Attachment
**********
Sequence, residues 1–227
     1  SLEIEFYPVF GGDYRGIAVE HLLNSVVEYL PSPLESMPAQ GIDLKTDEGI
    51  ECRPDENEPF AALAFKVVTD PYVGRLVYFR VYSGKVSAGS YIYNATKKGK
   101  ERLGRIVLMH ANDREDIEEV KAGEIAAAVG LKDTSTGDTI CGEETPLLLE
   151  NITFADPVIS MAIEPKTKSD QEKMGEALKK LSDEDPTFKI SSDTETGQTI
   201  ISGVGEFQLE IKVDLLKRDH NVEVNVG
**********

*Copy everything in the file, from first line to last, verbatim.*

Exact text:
Sequence, residues 1–227
     1  SLEIEFYPVF GGDYRGIAVE HLLNSVVEYL PSPLESMPAQ GIDLKTDEGI
    51  ECRPDENEPF AALAFKVVTD PYVGRLVYFR VYSGKVSAGS YIYNATKKGK
   101  ERLGRIVLMH ANDREDIEEV KAGEIAAAVG LKDTSTGDTI CGEETPLLLE
   151  NITFADPVIS MAIEPKTKSD QEKMGEALKK LSDEDPTFKI SSDTETGQTI
   201  ISGVGEFQLE IKVDLLKRDH NVEVNVG